Sunday, March 25, 2012

You Dirty Dog!

After many months of planning and recipe tweaking, I'm finally ready to introduce our newest creation:  Dirty Dog Soap!

We've been using it on our own dirty dog, Murdoch.

He LOVES it...see? maybe love isn't exactly the best word, but it makes him smell quite fresh and clean and leaves his coat incredibly soft and fluffy.  He seems to like it a lot once he's out of the bath.

I think there's a trace of a proud smile here.  Perhaps.

Dirty Dog Soap could actually be categorized as a shampoo bar, since it contains natural ingredients like jojoba, coconut and castor oils, which make a wonderfully rich lather and moisturize the hair and skin.  The bar is scented with a pure essential oil blend of peppermint, lemongrass & lavender.  This mixture is fresh and invigorating as well as being severely disliked by bugs and little beasties.  The yellow flecks of color in the bar come from the calendula flower which is often used to heal, soften and sooth dry skin.

I should mention too, that there's absolutely nothing that makes this soap unsuitable for humans.  The ingredients are identical to those found in human shampoo and bath  bars.  The smell is wonderful and the lather sensational.  This is a soap the entire family will love...including the furriest members.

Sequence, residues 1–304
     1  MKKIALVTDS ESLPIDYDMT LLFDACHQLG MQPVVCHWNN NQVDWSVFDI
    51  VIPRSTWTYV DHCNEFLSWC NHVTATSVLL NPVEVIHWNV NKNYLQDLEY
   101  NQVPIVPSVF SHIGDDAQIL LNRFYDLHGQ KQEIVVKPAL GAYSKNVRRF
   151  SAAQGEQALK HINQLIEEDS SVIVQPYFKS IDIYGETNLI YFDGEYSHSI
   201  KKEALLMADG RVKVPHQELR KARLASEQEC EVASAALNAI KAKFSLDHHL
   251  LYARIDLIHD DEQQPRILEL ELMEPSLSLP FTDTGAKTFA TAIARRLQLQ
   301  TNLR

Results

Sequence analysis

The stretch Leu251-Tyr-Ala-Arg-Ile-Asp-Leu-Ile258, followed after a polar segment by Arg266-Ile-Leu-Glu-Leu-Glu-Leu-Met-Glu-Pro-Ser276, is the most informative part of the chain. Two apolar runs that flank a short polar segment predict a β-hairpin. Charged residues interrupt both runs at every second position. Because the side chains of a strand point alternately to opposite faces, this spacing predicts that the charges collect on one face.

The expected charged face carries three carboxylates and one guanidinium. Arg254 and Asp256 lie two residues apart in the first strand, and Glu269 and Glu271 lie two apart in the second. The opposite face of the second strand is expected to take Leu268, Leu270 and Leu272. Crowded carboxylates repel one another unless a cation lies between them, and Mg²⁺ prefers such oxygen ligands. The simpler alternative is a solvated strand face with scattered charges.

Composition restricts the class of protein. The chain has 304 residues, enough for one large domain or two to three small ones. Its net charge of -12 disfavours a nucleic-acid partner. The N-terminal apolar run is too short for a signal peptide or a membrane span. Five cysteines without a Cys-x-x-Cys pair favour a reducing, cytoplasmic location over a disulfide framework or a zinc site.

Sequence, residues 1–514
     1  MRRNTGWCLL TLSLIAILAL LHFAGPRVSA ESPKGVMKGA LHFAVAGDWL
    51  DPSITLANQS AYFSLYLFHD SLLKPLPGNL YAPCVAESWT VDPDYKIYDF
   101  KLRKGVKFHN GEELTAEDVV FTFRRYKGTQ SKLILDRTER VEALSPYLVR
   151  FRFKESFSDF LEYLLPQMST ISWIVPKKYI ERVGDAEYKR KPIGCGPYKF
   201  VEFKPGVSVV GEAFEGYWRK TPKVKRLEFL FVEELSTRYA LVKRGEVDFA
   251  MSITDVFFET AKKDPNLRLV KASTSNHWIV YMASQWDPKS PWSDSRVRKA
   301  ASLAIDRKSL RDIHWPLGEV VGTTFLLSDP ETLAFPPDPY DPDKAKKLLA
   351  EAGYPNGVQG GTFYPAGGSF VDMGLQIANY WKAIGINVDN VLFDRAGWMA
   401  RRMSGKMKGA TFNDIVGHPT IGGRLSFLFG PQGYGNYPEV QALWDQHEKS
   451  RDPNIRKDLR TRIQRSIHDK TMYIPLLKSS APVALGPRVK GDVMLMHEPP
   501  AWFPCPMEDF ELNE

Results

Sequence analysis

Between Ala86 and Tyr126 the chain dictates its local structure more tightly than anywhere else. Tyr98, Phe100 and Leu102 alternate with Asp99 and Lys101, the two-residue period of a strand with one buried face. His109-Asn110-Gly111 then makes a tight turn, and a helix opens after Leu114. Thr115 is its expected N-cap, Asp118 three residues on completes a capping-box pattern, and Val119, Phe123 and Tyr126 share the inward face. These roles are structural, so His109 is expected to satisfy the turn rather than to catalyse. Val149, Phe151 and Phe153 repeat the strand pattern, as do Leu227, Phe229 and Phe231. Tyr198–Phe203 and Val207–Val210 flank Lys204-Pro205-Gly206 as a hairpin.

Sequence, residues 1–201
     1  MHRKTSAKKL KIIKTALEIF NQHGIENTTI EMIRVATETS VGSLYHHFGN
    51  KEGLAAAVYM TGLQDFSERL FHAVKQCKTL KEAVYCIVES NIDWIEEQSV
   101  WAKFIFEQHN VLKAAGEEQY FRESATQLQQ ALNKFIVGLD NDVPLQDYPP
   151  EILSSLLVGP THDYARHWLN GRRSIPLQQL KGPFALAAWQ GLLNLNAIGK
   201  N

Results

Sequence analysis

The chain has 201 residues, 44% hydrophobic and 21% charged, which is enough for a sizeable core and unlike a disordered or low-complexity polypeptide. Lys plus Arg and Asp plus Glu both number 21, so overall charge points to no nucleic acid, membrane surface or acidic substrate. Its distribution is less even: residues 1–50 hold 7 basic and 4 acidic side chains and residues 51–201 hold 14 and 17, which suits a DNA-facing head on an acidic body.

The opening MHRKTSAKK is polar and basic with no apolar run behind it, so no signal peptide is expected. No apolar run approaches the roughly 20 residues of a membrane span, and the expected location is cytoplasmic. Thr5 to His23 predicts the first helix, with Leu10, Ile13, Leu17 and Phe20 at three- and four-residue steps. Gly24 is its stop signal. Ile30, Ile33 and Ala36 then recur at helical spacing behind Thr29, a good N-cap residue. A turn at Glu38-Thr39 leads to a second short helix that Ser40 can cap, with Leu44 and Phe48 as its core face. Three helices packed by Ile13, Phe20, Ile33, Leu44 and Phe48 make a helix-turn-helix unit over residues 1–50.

Saturday, March 24, 2012

How To: Self-Watering Seed Starter Pots

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Tuesday, March 13, 2012

How To: Rainbow Chain

This weekend was the Daylight Savings switch, which is always hard, and yesterday was a miserably cold and rainy day here in Seattle.  We're all so anxious for spring and sunshine...and rainbows.  St. Patrick's Day is coming up later this week, so it seems like a good time to attract some leprechauns.

This classic kid project is an easy and fun way to add some rainbows to your day.

Start by cutting strips of colored construction paper and laying them out in piles in the order of the colors of the rainbow.

Pour a little white glue into a small dish so that the tips of the paper strips can be dipped into the glue.  It's easier and much less messy for kids to do it this way than to squirt the glue onto the paper.

Once one tip has been dipped in glue the paper can be wrapped into a link in the chain.  Each color should have two links in a row, so that you can see the rainbow pattern from every angle.

Have Fun!

all photos courtesy of Britt McCombs